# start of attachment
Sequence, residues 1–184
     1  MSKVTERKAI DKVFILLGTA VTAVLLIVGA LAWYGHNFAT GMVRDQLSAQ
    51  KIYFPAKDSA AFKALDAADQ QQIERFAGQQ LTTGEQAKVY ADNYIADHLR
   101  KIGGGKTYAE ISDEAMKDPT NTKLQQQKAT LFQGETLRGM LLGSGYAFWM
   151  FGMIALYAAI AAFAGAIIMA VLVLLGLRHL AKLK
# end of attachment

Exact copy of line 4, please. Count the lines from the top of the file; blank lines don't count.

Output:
   101  KIGGGKTYAE ISDEAMKDPT NTKLQQQKAT LFQGETLRGM LLGSGYAFWM